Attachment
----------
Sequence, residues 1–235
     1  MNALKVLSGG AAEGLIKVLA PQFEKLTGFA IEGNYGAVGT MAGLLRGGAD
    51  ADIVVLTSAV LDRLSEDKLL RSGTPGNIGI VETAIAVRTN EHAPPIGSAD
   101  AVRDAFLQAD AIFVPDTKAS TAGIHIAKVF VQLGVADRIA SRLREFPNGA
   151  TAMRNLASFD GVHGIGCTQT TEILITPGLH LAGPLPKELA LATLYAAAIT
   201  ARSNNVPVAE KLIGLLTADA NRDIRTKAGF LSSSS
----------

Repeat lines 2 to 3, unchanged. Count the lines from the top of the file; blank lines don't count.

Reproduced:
     1  MNALKVLSGG AAEGLIKVLA PQFEKLTGFA IEGNYGAVGT MAGLLRGGAD
    51  ADIVVLTSAV LDRLSEDKLL RSGTPGNIGI VETAIAVRTN EHAPPIGSAD